New credit score rules could help you buy a house
Australians applying for a new credit card, loan or mortgage will now be assessed on how well they have repaid their credit accounts in the past two years, after the federal government moved to fast-track greater data sharing among banks.
The new data regime is expected to help recognise borrowers with a strong track-record of making timely repayments, and will assist others to avoid entering into unmanageable levels of debt.
But despite the significant impact on borrowers, research by Australian credit bureau Experian suggests two thirds of Australians are unaware of the changes.
So what does the introduction of new data mean for Australian's applying for credit?
1.? Your next application may be assessed differently with lenders now able to see how well a borrower has paid back credit over the previous 24 months. This will include historical data coming online from credit cards, mortgages and personal loans.
2.? Aussie borrowers are likely to see their credit scores increase or decrease in the coming weeks and months, as new data about how many credit accounts they have open and how much the combined credit limits they have is factored into their scores for the first time.
3.? Industry research suggests the changes will affect about 40% of applications in terms of approval, interest rate and lending limit.
4.? Overall approval rates from banks are tipped to increase by 10-15% with research showing the share of bad loans could fall by as much as 45% when positive data is included in lending decisions.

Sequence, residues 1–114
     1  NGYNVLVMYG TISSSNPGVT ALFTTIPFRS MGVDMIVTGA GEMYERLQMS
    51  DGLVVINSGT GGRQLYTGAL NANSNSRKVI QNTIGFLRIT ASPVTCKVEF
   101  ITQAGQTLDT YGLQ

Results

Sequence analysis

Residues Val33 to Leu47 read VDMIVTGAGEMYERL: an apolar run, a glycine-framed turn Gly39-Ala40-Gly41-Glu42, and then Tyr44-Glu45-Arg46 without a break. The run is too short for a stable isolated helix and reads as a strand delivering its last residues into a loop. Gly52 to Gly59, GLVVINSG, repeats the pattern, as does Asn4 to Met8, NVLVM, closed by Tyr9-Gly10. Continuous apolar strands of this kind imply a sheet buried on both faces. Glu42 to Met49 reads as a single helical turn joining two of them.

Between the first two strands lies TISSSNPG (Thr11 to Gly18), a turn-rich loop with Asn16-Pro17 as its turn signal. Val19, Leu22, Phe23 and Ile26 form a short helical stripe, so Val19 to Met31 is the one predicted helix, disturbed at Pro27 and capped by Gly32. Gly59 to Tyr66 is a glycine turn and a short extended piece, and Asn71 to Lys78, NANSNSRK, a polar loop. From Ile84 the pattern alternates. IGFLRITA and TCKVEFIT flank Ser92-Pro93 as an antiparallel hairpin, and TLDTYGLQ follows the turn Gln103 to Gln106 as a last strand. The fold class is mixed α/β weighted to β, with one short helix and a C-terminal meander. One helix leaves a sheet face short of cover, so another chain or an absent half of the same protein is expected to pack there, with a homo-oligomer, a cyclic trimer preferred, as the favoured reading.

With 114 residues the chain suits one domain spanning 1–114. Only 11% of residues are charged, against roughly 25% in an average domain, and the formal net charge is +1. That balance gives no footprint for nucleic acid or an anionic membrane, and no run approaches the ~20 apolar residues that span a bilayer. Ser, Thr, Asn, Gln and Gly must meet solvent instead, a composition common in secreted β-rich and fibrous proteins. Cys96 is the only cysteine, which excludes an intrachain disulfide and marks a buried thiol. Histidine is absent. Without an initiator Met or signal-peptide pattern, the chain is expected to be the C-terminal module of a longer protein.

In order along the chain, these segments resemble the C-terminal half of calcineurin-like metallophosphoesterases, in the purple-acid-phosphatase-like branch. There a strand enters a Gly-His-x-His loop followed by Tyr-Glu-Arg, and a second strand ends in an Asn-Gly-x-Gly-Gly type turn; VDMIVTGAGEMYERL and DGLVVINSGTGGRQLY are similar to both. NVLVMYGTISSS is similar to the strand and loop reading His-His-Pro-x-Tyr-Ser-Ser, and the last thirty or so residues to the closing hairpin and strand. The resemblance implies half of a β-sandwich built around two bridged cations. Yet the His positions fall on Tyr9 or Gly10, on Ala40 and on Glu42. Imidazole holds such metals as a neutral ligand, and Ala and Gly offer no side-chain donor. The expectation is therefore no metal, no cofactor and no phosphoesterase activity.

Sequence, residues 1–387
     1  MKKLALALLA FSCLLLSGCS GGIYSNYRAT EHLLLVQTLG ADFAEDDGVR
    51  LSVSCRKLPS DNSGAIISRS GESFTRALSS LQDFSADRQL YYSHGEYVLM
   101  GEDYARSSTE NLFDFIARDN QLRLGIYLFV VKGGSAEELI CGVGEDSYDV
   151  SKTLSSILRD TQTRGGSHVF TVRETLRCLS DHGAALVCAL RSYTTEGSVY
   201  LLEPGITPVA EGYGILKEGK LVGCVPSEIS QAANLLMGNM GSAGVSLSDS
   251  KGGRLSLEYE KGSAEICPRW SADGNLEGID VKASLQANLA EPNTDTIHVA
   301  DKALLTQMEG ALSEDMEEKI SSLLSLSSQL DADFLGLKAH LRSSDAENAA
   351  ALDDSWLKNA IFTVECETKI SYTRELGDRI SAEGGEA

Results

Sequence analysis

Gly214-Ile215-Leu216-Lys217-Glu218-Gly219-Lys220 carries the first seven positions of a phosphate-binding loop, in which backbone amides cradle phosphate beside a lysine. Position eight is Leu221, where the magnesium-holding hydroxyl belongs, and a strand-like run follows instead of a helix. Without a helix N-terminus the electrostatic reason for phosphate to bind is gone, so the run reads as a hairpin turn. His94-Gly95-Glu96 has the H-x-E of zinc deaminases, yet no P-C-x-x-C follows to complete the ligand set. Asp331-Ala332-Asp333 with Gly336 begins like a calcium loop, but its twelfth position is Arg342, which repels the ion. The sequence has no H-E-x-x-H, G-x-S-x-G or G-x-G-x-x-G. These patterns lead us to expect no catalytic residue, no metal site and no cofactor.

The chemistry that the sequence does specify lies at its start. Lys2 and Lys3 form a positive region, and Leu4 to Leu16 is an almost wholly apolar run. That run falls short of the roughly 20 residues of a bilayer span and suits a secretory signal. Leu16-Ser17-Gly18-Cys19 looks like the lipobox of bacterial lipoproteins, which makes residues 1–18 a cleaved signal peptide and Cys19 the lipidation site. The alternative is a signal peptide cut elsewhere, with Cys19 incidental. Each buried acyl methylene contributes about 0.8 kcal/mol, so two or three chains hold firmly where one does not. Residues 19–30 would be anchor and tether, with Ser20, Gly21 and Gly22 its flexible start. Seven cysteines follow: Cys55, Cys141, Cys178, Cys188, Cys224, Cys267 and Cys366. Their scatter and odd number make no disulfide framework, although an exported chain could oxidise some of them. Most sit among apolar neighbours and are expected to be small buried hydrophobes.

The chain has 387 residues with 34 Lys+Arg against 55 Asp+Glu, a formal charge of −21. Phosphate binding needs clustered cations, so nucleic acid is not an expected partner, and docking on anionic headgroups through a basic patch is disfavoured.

What should borrowers do?
1.? Always try pay bills on time to help protect your credit score. Paying bills significantly late or regularly late can negatively impact your credit rating.
2.? Check your credit report regularly. Your score can change over time.
3.? Limit your applications. Every time you apply for credit, be it a card or a loan, it shows up on your credit report and knocks a few points off your credit score.?
Suzanne Steele, managing director of Experian in Australia and New Zealand, says the changes could benefit consumers.
"Positive data may help potential first home buyers who don't have a long credit history, to be approved for finance, where previously they may have been declined," she says.
"Positive data sharing may also enable Australians with a stronger credit history to access more competitive deals and interest rates and will assist others to avoid entering into unmanageable levels of debt."